17. The linear, substantially oil-soluble polymer of claim 16, wherein said graft monomer is butylmethacrylate.
Description
FIELD OF THE INVENTION

This invention relates to hydrocarbon fuel additives oils. More particularly, it relates to hydrocarbon diesel fuel additives which contain graft polymers which permit attainment of improved properties in such diesel fuels.

BACKGROUND OF THE INVENTION

As is well known to those skilled in the art, diesel fuels must be formulated, as by addition of various additives, to improve, their properties.

In the case of diesel fuel additives typified by those employed in railway, automotive, marine, etc. service, it is found that they become degraded during use due inter alia to formation of sludge which may be generated by deterioration of the diesel fuel or by introduction of undesirable components from other sources including combustion air. In order to maintain and improve the properties of the diesel fuel, various additives have heretofore been provided; and these have been intended to improve the complete burning of the fuel, to remove exhaust particulates, etc.

It is an object of this invention to provide an additive system which permits attainment of improved diesel fuels, particularly as to improving the flow properties of such fuels. Other objects will be apparent to those skilled in the art.

SUMMARY OF THE INVENTION

This invention is generally directed to a linear, substantially oil-soluble polymer having a carbon-carbon backbone bearing a graft moiety derived from, as a graft monomer, an unsaturated-hydrocarbon ester of an (C1 -C18) alkyl alcohol containing an ethylenically unsaturated carbon-carbon double bond.

Primarily, this invention is directed as a diesel fuel composition comprising a major portion of a diesel fuel and a minor effective amount of, as a flow improver, a linear, substantially oil-soluble polymer having a carbon-carbon backbone bearing a graft moiety derived from, as a graft monomer, an unsaturated-hydrocarbon ester of an (C1 -C18) alkyl alcohol containing an ethylenically unsaturated carbon-carbon double bond.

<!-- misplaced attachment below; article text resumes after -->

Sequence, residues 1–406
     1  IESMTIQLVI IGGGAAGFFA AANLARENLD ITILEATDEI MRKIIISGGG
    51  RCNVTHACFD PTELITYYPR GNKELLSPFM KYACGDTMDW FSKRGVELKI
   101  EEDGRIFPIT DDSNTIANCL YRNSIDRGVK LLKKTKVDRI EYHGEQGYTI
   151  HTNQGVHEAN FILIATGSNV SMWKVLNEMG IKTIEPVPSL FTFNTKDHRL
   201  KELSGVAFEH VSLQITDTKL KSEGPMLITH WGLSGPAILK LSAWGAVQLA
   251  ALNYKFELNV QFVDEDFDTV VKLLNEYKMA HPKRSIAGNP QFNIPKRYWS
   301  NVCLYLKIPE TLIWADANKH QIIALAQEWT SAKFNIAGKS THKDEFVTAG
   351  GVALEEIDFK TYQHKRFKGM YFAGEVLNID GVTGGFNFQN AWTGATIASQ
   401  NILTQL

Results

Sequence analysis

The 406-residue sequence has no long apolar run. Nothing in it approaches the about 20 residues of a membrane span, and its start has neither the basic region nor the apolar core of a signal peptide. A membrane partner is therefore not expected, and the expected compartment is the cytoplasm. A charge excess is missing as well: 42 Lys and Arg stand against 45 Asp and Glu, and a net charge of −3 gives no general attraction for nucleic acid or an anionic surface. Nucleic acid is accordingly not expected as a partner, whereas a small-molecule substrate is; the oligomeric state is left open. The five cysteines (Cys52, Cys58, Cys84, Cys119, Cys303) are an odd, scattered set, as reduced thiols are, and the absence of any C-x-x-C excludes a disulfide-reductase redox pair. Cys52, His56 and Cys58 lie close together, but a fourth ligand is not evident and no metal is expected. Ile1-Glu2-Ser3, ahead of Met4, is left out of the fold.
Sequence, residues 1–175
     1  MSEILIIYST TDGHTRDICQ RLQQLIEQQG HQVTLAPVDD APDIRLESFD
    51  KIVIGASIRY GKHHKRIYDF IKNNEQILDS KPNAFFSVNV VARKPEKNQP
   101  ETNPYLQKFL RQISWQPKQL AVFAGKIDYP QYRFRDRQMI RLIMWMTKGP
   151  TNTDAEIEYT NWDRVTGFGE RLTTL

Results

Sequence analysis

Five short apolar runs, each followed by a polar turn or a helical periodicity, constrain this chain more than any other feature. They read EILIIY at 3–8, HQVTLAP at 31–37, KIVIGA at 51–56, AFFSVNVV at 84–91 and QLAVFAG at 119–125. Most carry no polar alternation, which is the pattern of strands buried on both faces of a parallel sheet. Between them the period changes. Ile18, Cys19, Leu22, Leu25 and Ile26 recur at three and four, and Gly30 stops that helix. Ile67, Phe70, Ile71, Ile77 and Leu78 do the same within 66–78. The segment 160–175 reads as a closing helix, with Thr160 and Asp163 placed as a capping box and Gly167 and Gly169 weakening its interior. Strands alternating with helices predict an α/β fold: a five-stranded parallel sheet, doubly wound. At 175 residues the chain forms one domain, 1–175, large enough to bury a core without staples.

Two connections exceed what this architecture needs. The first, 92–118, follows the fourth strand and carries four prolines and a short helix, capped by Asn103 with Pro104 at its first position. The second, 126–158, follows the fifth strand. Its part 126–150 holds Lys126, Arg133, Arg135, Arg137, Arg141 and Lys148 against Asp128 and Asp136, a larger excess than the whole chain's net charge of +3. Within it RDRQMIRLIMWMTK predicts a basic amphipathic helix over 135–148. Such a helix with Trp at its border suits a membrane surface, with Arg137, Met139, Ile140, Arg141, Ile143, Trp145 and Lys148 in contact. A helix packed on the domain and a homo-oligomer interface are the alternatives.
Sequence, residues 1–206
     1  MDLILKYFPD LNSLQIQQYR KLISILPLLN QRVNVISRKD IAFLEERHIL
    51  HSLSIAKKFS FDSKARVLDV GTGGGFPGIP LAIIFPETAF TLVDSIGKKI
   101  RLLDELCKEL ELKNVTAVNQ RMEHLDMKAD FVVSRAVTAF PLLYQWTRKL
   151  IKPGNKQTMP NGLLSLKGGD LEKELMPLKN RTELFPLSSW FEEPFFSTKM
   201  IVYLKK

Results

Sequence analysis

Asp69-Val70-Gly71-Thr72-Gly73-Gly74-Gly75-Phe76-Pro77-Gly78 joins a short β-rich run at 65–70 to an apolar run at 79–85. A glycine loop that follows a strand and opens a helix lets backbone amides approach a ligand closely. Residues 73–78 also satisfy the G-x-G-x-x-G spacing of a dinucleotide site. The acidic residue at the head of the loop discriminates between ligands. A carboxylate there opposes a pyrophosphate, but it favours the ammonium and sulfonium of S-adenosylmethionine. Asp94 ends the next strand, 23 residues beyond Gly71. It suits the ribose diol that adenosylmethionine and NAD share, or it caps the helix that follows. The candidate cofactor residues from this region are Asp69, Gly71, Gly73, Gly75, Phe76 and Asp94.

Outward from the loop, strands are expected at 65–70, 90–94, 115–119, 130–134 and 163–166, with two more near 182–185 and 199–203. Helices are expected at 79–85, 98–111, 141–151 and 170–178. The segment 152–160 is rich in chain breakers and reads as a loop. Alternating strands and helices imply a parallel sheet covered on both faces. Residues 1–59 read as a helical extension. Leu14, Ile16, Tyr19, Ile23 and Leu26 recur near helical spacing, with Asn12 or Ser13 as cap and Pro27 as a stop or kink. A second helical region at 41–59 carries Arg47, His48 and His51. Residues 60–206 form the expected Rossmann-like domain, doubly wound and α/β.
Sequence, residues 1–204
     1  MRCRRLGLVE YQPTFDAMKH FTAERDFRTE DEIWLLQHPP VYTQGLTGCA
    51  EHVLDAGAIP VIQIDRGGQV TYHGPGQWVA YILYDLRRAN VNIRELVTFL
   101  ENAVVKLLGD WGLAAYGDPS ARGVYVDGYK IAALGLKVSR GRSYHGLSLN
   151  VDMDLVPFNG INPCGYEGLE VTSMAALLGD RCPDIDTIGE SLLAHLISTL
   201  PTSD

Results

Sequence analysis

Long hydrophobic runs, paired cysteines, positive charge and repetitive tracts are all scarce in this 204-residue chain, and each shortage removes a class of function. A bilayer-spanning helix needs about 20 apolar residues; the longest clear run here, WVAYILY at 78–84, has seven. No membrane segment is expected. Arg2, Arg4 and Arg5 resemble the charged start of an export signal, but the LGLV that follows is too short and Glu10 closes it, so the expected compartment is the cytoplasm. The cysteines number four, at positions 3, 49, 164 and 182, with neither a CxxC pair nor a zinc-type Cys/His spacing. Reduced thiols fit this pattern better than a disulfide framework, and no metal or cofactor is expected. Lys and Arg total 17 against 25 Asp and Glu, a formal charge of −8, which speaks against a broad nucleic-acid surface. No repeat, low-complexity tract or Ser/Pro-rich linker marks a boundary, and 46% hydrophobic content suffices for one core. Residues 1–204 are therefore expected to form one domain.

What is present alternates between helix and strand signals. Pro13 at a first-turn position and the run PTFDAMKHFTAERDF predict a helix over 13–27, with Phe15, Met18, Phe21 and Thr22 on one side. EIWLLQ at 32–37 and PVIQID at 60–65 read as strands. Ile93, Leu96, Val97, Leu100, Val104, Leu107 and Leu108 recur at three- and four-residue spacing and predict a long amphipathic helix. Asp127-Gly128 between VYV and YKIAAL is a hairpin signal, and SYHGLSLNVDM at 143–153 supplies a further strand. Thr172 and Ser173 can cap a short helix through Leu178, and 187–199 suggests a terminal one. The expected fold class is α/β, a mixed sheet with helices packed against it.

DESCRIPTION OF THE INVENTION THE POLYMER

The charge polymer which may be employed in the practice of the process of this invention may include an oil-soluble, substantially linear, carbon-carbon backbone polymer. Typical carbon-carbon backbone polymers prepared from monomers bearing an ethylenically unsaturated polymerizable double bond which may be employed include homopolymers or copolymers prepared from monomer ##STR1## where A may be: hydrogen; a hydrocarbon such as alkyl, or aryl; RCOO-- typified by acetate, or a less preferred acyloxy --COOR; halide; and R" may be divalent hydrocarbon typified by alkylene, alkarylene, aralkylene, cycloalkylene or arylene.

Illustrative of such monomers may be acrylates; methacrylates; vinyl halides (such as vinyl chloride); styrene; olefins such as propylene; butylene; vinyl acetate; dienes such as butadiene, isoprene, hexadiene, ethylidenenorbornene. Homopolymers of olefins, (such as polypropylene, or polybutylene), of dienes, (such as hydrogenated polyisoprene), or copolymers of ethylene with e.g. butylene and higher olefins, styrene with isoprene and/or butadiene may be employed. The preferred carbon-carbon backbone polymers include those selected from the group consisting of ethylene-propylene copolymers (EPM or EPR) and ethylenepropylene-third monomer terpolymers (EPDM or EPT).